A Musing about Acting on Beliefs - 1-20-2022
James 2:14-26 New Revised Standard Version
What good is it, my brothers and sisters, if you say you have faith but do not have works? Can faith save you? If a brother or sister is naked and lacks daily food, and one of you says to them, “Go in peace; keep warm and eat your fill,” and yet you do not supply their bodily needs, what is the good of that? So, faith by itself, if it has no works, is dead.
But someone will say, “You have faith and I have works.” Show me your faith apart from your works, and I by my works will show you, my faith. You believe that God is one; you do well. Even the demons believe—and shudder. Do you want to be shown, you senseless person, that faith apart from works is barren? Was not our ancestor Abraham justified by works when he offered his son Isaac on the altar? You see that faith was active along with his works, and faith was brought to completion by the works. Thus, the scripture was fulfilled that says, “Abraham believed God, and it was reckoned to him as righteousness,” and he was called the friend of God. You see that a person is justified by works and not by faith alone. Likewise, was not Rahab the prostitute also justified by works when she welcomed the messengers and sent them out by another road? For just as the body without the spirit is dead, so faith without works is also dead.
I recently came across the story of a harried, frazzled mom whose 4–year–old son thrust a paper–towel tube in her hand and challenged her to a swordfight.
He flipped his tattered security–blanket behind him like a cape and assumed the position of a would-be musketeer. Distracted by her own personal battle with coupons scattered across the table, she simply held the sword in her hand as she continued her scavenger hunt for any overlooked savings. After all, inflation is real, and their family budget was tight. In response to the whacks of her son’s bigger sword, she half-heartedly waved her own in his general direction.
Suddenly, he stopped and walked over to her; then he pressed his little palms against her face to be sure she was looking him in the eye.
“Mom,” he said, “you have to act like you believe.”
I think this is exactly what James is saying here in the second chapter of his epistle. While belief in the gospel of Jesus Christ is the first step, it is by no means the only step; as that audacious four-year-old said to his mother, you also have to act like you believe.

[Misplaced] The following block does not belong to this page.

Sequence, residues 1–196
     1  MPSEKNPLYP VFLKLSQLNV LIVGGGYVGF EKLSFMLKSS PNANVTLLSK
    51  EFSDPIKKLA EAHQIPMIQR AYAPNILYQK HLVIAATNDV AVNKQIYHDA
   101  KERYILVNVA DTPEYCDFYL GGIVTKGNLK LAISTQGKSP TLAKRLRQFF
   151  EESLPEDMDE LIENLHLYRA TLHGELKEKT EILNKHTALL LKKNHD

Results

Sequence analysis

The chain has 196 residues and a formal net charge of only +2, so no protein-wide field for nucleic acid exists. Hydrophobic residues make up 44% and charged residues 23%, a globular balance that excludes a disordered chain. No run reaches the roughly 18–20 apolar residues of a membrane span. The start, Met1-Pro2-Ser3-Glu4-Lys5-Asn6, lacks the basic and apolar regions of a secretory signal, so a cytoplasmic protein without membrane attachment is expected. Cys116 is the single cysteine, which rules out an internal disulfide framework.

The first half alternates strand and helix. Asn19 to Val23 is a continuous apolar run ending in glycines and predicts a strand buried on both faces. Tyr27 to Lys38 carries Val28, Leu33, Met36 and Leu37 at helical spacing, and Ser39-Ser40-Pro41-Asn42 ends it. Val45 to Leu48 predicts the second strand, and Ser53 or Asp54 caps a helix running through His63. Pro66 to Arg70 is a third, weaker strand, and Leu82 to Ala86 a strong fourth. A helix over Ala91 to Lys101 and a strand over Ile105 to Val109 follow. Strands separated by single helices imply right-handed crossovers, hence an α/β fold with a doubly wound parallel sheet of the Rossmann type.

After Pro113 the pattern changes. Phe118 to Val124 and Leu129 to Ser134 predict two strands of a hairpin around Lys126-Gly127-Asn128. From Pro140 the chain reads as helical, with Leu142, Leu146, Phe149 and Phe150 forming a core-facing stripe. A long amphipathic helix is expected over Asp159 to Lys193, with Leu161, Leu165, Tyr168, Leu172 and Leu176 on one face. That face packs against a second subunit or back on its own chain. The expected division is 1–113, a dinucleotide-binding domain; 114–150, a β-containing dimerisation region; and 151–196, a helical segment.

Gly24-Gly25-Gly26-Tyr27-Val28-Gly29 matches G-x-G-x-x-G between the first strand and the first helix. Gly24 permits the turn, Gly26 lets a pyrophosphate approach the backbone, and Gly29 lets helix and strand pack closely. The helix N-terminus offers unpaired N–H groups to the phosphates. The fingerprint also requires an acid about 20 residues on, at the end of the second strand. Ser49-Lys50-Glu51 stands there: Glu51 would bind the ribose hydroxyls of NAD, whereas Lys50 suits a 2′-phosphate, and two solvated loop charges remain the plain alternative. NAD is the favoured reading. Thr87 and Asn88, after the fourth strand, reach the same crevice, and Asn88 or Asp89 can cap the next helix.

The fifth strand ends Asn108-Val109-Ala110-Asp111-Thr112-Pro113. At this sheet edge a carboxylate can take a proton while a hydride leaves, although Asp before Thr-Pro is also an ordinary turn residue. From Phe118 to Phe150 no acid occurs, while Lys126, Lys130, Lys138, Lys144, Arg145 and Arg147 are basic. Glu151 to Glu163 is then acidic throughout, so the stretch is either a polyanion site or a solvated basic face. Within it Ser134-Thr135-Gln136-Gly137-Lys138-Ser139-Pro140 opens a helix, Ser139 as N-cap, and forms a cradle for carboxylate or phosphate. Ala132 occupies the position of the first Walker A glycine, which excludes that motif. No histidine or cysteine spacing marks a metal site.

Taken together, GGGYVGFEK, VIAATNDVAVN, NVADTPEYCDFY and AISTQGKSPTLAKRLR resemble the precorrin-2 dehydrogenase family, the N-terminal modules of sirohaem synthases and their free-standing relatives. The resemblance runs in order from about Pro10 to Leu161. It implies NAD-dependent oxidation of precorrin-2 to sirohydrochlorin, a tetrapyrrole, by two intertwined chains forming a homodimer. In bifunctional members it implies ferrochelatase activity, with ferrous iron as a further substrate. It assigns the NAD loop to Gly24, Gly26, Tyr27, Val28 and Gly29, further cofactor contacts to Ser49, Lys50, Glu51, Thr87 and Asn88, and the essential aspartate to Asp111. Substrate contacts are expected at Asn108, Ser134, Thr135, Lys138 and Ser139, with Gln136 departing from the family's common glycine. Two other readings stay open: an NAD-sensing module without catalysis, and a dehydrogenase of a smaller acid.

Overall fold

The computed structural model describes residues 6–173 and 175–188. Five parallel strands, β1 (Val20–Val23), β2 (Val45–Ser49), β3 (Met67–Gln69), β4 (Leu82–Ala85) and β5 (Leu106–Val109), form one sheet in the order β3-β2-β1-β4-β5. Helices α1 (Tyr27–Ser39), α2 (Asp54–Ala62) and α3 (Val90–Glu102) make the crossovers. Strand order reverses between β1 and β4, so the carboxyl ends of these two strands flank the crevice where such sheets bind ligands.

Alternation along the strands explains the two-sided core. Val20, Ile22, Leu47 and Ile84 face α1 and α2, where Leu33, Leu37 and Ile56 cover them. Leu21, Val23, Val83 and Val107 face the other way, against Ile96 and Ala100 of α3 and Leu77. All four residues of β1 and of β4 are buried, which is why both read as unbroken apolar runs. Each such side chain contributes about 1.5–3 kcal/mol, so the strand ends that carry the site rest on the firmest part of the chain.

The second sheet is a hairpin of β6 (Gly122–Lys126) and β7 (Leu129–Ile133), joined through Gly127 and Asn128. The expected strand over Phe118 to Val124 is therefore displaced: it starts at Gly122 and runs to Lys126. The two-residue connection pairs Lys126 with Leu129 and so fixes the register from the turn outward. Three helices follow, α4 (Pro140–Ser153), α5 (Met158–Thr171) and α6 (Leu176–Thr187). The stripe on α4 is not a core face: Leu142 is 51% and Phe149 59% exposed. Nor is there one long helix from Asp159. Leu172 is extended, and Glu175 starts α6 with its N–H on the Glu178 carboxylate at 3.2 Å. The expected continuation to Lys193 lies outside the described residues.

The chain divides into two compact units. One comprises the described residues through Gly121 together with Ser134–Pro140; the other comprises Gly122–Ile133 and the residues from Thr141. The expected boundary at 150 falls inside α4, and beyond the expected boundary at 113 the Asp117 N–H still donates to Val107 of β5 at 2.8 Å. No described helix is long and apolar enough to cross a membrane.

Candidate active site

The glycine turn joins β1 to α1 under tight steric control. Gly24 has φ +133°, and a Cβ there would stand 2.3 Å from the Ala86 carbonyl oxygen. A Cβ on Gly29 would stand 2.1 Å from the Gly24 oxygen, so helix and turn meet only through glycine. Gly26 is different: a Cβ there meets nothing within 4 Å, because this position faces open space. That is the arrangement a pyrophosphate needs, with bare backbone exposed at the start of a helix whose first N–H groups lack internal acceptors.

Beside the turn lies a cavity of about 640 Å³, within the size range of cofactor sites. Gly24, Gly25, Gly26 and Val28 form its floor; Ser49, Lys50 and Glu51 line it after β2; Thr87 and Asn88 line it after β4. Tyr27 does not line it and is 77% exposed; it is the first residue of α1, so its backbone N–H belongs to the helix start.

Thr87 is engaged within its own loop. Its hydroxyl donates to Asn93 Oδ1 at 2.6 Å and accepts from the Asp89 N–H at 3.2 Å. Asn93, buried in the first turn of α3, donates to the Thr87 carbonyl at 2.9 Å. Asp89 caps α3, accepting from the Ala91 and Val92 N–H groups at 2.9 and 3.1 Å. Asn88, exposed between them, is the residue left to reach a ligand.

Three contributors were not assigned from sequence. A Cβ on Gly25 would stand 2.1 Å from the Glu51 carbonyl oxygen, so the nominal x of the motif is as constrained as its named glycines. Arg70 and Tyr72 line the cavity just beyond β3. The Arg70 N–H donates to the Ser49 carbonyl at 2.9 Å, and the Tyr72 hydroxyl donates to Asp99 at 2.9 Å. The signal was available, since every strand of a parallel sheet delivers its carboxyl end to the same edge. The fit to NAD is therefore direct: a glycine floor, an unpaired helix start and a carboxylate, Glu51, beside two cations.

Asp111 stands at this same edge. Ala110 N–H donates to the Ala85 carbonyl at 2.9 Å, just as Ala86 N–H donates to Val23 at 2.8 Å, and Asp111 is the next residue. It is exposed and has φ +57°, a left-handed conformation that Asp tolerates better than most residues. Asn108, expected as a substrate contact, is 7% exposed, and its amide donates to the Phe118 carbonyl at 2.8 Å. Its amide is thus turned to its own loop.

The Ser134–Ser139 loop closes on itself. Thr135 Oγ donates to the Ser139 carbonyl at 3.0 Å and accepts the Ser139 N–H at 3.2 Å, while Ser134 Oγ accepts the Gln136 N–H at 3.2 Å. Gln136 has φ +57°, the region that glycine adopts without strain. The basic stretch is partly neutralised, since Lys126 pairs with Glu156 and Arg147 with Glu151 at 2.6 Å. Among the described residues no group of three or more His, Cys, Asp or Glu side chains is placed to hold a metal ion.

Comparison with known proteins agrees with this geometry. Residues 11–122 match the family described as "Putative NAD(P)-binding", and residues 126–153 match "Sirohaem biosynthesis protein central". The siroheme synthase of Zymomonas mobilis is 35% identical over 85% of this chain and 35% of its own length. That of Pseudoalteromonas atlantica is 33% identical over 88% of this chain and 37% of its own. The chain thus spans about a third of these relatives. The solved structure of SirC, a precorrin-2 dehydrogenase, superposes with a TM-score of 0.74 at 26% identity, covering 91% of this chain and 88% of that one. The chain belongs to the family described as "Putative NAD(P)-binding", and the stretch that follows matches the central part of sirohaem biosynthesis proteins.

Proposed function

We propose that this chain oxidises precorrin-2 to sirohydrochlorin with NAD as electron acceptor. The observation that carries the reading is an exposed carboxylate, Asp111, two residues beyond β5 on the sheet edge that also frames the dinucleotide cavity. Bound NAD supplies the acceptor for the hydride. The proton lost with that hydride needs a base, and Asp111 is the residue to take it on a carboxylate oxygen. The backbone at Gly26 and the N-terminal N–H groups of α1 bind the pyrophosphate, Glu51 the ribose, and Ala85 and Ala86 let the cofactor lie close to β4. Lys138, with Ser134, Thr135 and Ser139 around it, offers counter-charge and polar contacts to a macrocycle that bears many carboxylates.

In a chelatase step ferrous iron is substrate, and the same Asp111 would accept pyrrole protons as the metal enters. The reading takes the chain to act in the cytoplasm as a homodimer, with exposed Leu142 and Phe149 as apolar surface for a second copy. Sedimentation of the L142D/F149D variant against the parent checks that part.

Of course, statements like this one are much easier said than done. Because we live in a time where neighbors and even families are divided over issues of politics and beliefs about things such as economic systems and global warming and masks and vaccines and the role of government and education and even our nation’s history. It seems we cannot even agree on what is and is not actually a fact. And misinformation and its spread is being used to intentionally tear folks apart as lies are being proclaimed as truth and truths in turn are attacked as lies.
Because of this reality, it is more important than ever that we work to live our beliefs in our daily lives. We need to work on enhancing our instincts for being better people, living better lives, and discerning how we might live out our call as disciples of Jesus Christ.
Perhaps to start we should begin asking, “Who’s in trouble?” “To whom do I owe a letter?” “Could someone use a meal?” “How long since I’ve called a friend?” “What sick person would appreciate a card or a call or perhaps even a visit over FaceTime or Zoom from me?” I pray someday we can even visit folks safely again.
In other words, the question is how can you and I act on our beliefs by being of service to others?
Because the best way to show our faith is by living it in our daily lives and acting on our beliefs. And each time we do this perhaps a fracture will be healed, a division repaired, and the kingdom of God will be a little bit closer to being here on earth even as it is assured in that promised day in heaven.
In the name of the Father, the Son, and the Holy Spirit – Creator, Redeemer, and Sustainer. Alleluia Amen.